A while back an elementary school music teacher from Fayetteville, with a passion to teach her students music despite the lack of funding, reached out to the NCWW community to hopefully get a replacement B sound bar for the school xylophone. I am still not sure why but I responded that I could make one - how hard could it be? Simple to make a finished piece of wood, a little tougher to get it to produce an exact B note.
The keys I was trying to match are actually fiberglass made by the same folks that make Ludwig drums. I tried many different woods and even tried to reproduce a fiberglass one. Purpleheart was the closest match and I got it to produce an exact B note - but it just did not sound right
So I made another set of sound bars out of Padauk and the sound is so much richer. I think the children will like it
So this is my Christmas gift to a bunch of kids somewhere in Fayetteville
And I am still getting Thank You notes - that is the best form of payment
And this is my favorite.
I will be delivering the xylophone back to the school in the next week or so
Here are a couple Snowmen I made for my two daughters. They never know what they want for Christmas and there's no way for me to pick clothes or much of anything they'll like. I usually get them a couple smaller items then give them cash to use as they wish to treat themselves to clothes, shoes, etc of their choice. This year I decided to freak them out a bit and make them think I just made a cheesy snowman for them. The first one figured it out pretty quickly. The second is back in Asheville already so I'll be shipping a box of presents to her. She'll have to figure it out on her own! Enjoy!
Made this box for my daughter, learned a few things on the way. Bird's eye maple, tiger wood, poplar, walnut, 1/8 ply drawer bottoms, ebony. I "copied" from a picture of one done by Steve Smith https://www.youtube.com/watch?v=0mS3lU5mdfQ. Had to estimate the size and angles. Boy I hate working with angles. I resawed some tigerwood to about 3/32 and veneered them to poplar for the sides. I then glued the sides to the legs. I did it this way so I could cross cut dados for "1/8" shelves for the drawers to ride on and provide kickers. Although I had cut test pieces to get the angles right, when I assembled with the top and bottom (top you see was added later) none of the joints closed up. As this would be an end grain glue up I was planning to drill holes through the joint and insert dowels to strengthen as they would be hidden. Any way, I just ended up with rub joint pieces on the inside corners. Unless you take out all the drawers you'd never know. I've learned not to tell the recipient of various flaws.:wsmile: The drawers (1'4") were made with a box joint jig. It was the first time using one and once set up was a real breeze. The tiger wood around the drawers - and on back- was added on later which covered up the dado's. Don't know why the angles worked here but not the sides. Any way, I should have done a better job looking at the grain as the diagonal grain on the tiger in front, especially the bottom piece which doesn't really show in the image make it appear that the drawers are all at an angle - don't know if my daughter saw it but my inspection control officer did! Finished with Water lox.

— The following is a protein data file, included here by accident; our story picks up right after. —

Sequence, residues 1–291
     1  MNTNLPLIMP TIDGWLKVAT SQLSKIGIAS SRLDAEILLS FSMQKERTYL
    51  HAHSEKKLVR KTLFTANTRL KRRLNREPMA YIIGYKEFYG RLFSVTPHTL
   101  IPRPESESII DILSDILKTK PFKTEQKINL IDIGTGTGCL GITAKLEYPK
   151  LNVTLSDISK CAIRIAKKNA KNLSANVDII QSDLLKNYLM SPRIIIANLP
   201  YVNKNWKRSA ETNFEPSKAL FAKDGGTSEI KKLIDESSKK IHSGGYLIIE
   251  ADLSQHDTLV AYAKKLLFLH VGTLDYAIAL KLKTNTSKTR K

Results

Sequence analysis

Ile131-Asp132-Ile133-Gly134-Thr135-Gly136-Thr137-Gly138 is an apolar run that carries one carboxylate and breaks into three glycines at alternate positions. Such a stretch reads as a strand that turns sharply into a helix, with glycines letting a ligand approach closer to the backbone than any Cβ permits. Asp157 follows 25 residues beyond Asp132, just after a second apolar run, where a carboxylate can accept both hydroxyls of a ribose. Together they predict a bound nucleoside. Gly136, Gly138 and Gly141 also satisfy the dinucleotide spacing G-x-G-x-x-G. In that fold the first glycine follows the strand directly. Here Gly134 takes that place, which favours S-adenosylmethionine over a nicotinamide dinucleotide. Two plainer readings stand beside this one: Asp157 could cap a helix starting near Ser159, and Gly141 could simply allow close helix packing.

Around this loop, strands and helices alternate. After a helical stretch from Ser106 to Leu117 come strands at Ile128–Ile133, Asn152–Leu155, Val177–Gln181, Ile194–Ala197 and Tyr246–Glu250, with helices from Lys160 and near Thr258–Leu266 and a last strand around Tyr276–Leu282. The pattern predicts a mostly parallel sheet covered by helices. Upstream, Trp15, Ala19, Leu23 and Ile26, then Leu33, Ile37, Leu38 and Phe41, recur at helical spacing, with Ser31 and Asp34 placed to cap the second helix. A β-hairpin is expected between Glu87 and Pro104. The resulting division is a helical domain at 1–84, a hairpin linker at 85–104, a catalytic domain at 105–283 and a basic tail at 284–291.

Thanks to Klingspor for the Birds eye, Tigerwood and ebony. - oh yea, bought about a one foot length of 1 1/4" square of ebony for about $25 in the turning stock area, as they said that's all they had. On a later trip saw some in the luthier's section, guess the pieces were about 3/4 x 5 x 48" for around $70.